K, you obviously understand tariff regimes very well indeed! I'm a novice wondering every time this was mentioned in MSM over the last months how this problem would be overcome, and no-one explaining it. Thanks for a good concise explanation.

So, as I understand your explanation, even if a single component costs well over half the total production cost, the COO of that component is lost and the product gains the COO of country of the assembly plant.

So in my scenario above, if a Widget was a component, someone wishing to build an assembly plant for products sold into the EU utilising a lot of US made Widget components would be financially incentivised to build the plant in the UK to benefit from the lower tariff rate the UK applied on US Wedgets?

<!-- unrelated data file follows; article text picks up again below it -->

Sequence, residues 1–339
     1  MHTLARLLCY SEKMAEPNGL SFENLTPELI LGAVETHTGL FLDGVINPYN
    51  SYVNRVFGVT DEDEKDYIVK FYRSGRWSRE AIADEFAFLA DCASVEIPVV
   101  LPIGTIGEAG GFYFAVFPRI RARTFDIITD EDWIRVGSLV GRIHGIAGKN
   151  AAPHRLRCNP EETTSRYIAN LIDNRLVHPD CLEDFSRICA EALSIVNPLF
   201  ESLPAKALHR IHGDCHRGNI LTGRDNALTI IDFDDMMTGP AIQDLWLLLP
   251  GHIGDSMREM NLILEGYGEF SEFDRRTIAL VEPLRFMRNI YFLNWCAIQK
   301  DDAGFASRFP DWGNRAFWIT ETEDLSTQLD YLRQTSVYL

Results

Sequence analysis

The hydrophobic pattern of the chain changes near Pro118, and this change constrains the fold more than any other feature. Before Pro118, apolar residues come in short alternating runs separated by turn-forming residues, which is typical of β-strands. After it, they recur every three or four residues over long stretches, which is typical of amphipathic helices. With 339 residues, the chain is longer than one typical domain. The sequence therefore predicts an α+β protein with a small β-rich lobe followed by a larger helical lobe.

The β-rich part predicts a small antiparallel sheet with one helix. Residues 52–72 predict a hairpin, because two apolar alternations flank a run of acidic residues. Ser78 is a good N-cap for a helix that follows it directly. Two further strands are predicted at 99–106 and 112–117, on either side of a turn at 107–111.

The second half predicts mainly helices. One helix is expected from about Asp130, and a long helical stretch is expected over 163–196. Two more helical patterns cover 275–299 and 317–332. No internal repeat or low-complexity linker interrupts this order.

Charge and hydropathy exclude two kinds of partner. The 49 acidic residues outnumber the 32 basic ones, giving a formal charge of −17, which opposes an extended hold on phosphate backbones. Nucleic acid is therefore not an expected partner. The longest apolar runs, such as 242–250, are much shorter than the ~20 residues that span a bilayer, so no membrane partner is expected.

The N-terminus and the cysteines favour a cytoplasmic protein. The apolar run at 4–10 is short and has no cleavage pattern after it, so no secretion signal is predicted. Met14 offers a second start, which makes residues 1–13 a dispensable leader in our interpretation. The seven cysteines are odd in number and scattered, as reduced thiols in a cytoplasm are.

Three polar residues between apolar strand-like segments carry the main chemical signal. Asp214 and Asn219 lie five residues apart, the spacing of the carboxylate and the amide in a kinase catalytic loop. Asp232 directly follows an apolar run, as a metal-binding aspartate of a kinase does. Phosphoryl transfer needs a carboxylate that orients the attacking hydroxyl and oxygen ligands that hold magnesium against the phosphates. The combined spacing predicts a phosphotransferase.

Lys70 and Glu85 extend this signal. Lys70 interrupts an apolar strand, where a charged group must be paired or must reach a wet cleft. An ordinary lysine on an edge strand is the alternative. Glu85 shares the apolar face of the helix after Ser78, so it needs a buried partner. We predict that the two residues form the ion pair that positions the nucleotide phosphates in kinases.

You can see why the EU trade negotiators would then not want us in the Europe free trade area in that case. It still seems to me there are a huge number of tariff-rate interactions and considerations for trade agreement negotiators. It does not seem likely all this will be agreed quickly, and as the expert I heard on the radio said, why most countries would want to know the exact details of the UK-EU deal before they enter detailed negotiations.

rwendland said...

ND, a few more possibilities strike me:

(d) they'll postpone the build until EDF have finished the simplified "New Model EPR" redesign in 2020, then use Hinkley as the first demonstration build to show other potential customers. But that will need a new GDA by the UK regulator, so we are talking a build start date around 2023 (which will also allow FX rates to have settled).